Saturday, July 8, 2017

Right: Tom Waits - Step Right Up

purchase [Step Right Up]

SMM has posted about Tom Waits in the past (link to those posts), but Step Right Up isn't one of them. The album from whence it appeared, Small Change, has so many of my favorite Waits' pieces that I could choose almost any one of them. The album comes from his darker days, likely influenced by the too many days on the road - with repeated references to the seamier side of life.

It wasn't just the man's gravel-ly voice that piqued my interest; it was partially the minimal musicality of that style (something as simple as a lone bass accompaniment) and partially his way of twisting a word half way through such that it changed meaning from what you thought it was going to say. The song is like a rap before rap was conceived and the words just go on an on and on - no 2 and half minute Beatles pop lyrics here!
it's effective, it's defective, it creates household odors,
It disinfects, it sanitizes for your protection
It gives you an erection, it wins the election

Step Right Up is an indictment of commercialism/advertising and so it is informative that Waits has had to resort to the legal system to keep marketers at bay (see Frito Lay).

Incidentally, there's also a tribute to Waits album by the same name.

Thursday, July 6, 2017

Right: Red Right Ankle

The Decemberists: Red Right Ankle

We’ve heard much about Right hands since this theme started, but not so much about other body parts. So, here’s one about a Red Right Ankle, from the Decemberists.

I’ve made it abundantly clear, both on this blog, and elsewhere, that I’m a big fan of the Decemberists, while acknowledging their penchant for pretentiousness, bombast and prominent use of words even too obscure for the SAT verbal.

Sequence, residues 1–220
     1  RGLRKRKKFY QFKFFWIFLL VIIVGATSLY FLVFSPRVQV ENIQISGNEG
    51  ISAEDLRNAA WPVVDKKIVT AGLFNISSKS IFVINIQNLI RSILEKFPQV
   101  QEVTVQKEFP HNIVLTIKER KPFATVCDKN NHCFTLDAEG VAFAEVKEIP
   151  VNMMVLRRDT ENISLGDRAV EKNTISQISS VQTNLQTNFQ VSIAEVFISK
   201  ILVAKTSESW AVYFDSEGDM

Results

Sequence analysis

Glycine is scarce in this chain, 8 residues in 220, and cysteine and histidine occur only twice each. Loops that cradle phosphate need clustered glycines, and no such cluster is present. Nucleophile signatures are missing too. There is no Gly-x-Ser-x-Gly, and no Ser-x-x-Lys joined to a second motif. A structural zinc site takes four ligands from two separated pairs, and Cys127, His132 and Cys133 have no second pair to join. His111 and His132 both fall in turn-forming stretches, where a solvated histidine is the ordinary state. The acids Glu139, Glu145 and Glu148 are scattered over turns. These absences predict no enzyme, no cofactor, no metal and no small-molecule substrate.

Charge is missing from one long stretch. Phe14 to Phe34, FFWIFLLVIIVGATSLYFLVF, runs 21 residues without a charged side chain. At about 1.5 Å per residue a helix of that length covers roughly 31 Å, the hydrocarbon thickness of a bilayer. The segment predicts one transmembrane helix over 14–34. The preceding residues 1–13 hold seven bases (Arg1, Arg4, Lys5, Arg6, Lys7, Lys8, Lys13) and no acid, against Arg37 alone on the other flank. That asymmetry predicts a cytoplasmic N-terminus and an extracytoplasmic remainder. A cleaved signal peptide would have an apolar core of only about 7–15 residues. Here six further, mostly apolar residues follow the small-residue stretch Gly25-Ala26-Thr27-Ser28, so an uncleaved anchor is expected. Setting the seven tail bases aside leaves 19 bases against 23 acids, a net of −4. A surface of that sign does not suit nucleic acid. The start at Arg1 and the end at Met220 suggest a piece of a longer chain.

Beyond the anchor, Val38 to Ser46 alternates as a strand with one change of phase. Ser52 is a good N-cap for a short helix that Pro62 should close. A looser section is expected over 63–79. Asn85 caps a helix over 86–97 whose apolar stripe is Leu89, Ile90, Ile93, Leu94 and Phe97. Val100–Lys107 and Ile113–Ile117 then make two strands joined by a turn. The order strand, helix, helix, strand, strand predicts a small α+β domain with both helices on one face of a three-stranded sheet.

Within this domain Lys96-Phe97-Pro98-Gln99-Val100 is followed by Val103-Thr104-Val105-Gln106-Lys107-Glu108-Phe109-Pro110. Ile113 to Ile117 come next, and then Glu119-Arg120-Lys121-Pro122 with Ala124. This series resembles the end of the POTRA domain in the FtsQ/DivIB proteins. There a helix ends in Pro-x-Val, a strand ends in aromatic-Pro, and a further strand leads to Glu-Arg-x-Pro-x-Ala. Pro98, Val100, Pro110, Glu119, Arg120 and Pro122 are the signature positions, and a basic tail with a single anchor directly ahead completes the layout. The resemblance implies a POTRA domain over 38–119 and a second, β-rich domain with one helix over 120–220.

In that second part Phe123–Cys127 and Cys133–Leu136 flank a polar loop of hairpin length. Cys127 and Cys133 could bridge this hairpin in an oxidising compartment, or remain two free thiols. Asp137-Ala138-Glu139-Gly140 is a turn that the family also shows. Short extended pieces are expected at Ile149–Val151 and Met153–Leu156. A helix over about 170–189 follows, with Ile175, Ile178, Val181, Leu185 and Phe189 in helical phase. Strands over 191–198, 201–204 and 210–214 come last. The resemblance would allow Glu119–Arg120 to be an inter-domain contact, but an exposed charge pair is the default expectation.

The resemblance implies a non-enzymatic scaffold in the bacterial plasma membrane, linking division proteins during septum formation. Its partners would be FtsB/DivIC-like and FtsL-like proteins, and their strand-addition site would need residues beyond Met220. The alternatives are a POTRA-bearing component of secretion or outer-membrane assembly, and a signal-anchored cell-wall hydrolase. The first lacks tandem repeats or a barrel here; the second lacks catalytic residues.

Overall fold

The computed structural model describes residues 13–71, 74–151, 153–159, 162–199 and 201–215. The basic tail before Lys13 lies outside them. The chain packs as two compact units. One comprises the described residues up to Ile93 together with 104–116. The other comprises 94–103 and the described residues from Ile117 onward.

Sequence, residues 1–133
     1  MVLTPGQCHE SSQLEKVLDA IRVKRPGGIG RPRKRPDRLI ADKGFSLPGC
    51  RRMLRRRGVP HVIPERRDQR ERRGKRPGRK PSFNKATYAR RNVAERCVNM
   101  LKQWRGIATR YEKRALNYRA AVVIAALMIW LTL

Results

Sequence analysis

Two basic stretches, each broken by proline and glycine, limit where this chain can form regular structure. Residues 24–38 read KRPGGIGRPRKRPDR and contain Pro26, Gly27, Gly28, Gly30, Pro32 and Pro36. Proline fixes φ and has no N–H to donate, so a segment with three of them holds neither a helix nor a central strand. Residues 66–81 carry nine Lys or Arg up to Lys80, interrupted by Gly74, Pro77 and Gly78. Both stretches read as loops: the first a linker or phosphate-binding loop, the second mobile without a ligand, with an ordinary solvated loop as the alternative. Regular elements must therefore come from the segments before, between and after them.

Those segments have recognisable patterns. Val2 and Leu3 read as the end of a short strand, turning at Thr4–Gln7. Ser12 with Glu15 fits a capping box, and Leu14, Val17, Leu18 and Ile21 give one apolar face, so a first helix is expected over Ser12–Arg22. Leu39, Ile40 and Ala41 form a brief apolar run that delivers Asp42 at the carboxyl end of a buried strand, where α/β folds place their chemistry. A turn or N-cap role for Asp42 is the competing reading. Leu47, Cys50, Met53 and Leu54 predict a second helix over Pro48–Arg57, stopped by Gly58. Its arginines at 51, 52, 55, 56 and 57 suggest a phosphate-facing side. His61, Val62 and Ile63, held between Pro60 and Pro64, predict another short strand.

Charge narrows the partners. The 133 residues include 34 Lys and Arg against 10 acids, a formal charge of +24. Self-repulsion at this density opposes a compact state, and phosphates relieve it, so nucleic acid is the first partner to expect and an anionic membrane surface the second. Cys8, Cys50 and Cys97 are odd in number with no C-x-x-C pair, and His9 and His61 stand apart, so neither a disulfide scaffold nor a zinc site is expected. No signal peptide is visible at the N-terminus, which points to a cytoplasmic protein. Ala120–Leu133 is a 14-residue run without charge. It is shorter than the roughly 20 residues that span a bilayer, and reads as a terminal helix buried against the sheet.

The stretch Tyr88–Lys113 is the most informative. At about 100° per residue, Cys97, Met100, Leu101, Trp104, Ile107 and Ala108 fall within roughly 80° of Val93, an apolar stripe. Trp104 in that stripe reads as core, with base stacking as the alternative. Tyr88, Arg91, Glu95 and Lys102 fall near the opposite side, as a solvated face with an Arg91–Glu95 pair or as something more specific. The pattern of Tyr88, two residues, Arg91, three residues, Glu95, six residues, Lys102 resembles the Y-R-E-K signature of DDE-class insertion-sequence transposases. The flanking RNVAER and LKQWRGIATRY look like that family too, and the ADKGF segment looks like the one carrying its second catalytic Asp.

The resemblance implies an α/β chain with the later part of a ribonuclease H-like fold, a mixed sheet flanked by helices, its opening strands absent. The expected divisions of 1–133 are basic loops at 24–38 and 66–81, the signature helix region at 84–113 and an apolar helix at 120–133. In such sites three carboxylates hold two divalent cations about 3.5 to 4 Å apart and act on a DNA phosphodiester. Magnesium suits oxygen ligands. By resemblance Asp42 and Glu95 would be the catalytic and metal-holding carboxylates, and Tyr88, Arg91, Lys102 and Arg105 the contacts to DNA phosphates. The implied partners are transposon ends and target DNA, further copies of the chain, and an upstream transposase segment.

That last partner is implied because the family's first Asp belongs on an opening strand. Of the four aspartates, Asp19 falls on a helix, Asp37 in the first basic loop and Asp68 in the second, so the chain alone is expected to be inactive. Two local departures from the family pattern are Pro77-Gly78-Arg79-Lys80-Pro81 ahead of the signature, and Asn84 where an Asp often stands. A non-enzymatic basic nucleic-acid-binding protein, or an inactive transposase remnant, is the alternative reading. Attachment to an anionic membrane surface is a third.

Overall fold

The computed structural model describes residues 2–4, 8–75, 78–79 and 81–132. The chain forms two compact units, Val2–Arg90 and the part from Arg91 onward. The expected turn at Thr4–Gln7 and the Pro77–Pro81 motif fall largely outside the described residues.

Back in 2007, lead singer and songwriter Colin Meloy was interviewed by the A.V. Club, and was asked:

AVC: You are known for writing novelistic lyrics about obscure historical figures. Have you ever been tempted to write about something more typical, like your girlfriend or something else in a personal vein? 

CM: I do write songs about my girlfriend. They just come out in different ways. Specifically, once we had a fight and she drove all the way to Vancouver to get away for the weekend, and I sat down and was like, "I'm going to write as many songs for her as I possibly can." "Red Right Ankle" came out of that, which was probably more of your typical "write a song about your girlfriend" song. 

So, “Red Right Ankle” is a song about Meloy’s then-girlfriend, now-wife, Carson Ellis, a book illustrator who also does the artwork for the Decemberists. And while it is a relatively simple song, and beautiful in that simplicity, Meloy cannot help himself but to refer to his beloved's  “muscle, bone and sinews,” a “gypsy uncle,” and a “hide-out in the Pyrenees.”

Because even in a love song, Meloy insists on the unexpected.

Right: Something So Right

Jeanne O’Connor: Something So Right